2 tricks help you control the way your data appears in any Excel sheet.
If you are like most Excel users, you probably use the application primarily to enter and store data. And you probably type all your data, right? There’s a better way! With just a bit of know-how, you can create user-friendly excel forms that will make data entry much simpler—and error-free—thanks to drop-down lists and subtotaling tools.
And you don’t have to spend money on expensive dedicated software. Excel can empower you to create sales order forms, invoices, loan agreements, surveys, and more. So who’s scared of data entry now?
Start here: When you share a spreadsheet with colleagues, don’t allow others to insert any old data they’d like in a cell. Instead, create a dropdown list that allows you to maintain greater control and standardization over inputs—while avoiding misspellings as well.
To create drop-down lists, follow these steps:
- Open a new worksheet and type the entries for your dropdown list in a single column, one entry per row.
- Select all your entries, right click on the selection and choose Define Name from the shortcut menu.
- In the resulting New Name dialog box, type a name for your dropdown list in the Name text box. The name cannot have any spaces.
- Click OK.
- Click in the cell in your worksheet where you want your dropdown list to appear.
- Select the Data tab from the main ribbon, and in the Data Tools group, click Data Validation.
Important: If Data Validation isn’t clickable, your worksheet might be protected, shared, or linked to a SharePoint site. Remove the sharing or protection to continue.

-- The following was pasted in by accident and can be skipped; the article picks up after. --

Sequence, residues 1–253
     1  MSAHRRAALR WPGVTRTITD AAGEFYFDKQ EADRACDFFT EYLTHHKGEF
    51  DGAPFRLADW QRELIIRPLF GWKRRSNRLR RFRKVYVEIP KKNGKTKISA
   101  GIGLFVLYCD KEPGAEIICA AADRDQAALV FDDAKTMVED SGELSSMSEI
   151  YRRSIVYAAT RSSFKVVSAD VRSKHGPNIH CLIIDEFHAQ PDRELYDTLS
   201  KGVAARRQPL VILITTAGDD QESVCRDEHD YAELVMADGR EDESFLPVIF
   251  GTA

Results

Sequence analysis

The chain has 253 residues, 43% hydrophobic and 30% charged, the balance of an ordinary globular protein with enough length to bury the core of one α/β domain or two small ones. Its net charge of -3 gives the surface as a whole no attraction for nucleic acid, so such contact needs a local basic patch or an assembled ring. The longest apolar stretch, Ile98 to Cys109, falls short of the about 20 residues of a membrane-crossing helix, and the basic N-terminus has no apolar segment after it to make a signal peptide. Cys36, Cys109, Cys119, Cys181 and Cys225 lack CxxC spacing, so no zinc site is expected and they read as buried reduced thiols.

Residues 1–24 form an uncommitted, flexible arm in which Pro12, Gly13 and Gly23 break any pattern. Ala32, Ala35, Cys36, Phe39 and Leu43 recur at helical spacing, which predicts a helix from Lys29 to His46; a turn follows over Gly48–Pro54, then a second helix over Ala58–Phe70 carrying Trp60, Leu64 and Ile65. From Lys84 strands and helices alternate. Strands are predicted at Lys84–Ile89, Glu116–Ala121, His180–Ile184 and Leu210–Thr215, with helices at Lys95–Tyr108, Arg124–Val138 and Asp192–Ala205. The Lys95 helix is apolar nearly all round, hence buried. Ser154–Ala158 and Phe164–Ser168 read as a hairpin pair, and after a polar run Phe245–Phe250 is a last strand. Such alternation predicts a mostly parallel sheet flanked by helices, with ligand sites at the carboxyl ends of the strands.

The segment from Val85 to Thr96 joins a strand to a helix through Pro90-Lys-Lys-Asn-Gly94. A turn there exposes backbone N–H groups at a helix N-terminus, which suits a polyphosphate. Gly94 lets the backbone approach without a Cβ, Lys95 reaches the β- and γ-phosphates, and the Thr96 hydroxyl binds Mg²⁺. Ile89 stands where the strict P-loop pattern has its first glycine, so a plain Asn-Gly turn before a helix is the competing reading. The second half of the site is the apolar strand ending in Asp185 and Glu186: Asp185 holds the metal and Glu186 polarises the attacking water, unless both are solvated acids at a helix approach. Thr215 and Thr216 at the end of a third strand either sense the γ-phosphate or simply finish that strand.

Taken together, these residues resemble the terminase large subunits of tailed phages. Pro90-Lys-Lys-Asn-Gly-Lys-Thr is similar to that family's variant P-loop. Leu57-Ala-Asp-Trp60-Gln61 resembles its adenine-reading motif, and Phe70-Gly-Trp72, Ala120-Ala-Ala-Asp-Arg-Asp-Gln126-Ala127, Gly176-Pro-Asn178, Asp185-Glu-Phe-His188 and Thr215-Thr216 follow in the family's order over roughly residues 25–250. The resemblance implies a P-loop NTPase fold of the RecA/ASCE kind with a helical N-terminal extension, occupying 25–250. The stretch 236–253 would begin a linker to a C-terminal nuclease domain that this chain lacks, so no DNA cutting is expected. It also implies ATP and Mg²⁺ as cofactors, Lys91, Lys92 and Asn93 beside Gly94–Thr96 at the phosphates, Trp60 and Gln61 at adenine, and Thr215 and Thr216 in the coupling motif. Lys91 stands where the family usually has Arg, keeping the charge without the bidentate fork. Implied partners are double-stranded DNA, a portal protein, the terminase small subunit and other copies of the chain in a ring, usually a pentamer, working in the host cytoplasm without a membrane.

Add an Error Message
To alert users that a cell contains a drop-down list and help them decide which option to select, you can create a message that appears when they select a cell. Follow these steps to add an alert:
- In the Data Validation dialog box, on the Settings tab, select List from the Allow list box.
- In the Source text box, type the equals sign and then your list’s name.
- Select the In-Cell Dropdown check box. Click the Input Message tab. If you want a message to appear when a user clicks on the list, enter a title and message. If not, deselect the Show Input Message When Cell Is Selected check box.
- Select the Error Alert tab.
- After Invalid Data Is Entered check box select the Show Error Alert .
- Select Stop from the Style list box, then enter a title and error message. The title is optional (Microsoft Excel will appear if you leave the title blank). An error message might state, “Invalid value. Please select a value from the dropdown list.”
- Click OK to create your dropdown list.
Set Up Auto-Subtotaling Capabilities
When your data contains a set of values or categories, it can be useful to create automatic calculation functions. For instance, you can set an Excel sheet to automatically calculate a subtotal for each category in a table. To create automatic subtotals:
- First you need to sort the data based on that category, then use the Subtotal feature to save yourself the trouble of adding up each subtotal yourself. Let’s say you have a list of sales completed by reps from your Central, East and West offices. We will sort the list based on region (Central, East, and West) and calculate the total sales for each region.
- Place the insertion point in your table and click on the Home tab on the main ribbon. In the Editing group, click on Sort And Filter.
- Choose Custom Sort from the resulting dropdown list.
- Sort the table based on the column containing the categories you want subtotals for.
- In our example, you would sort based on the column containing the region. Let’s say this is Column E.
- To create the subtotals, ensure your data has a header row.
- Click on any cell in Column E.
- Click on the Data tab on the main ribbon.
- In the Outline group, click on Subtotal. When the warning pops up, click OK to indicate your data has a header row.
- In the resulting Subtotal dialog box, select the title for Column E.
- Click OK. Excel automatically calculates your subtotals as well as a grand total.
Snap quiz: What’s an Absolute reference in Excel?
(This post first appeared in a ProfEd blog)
By Kimberly G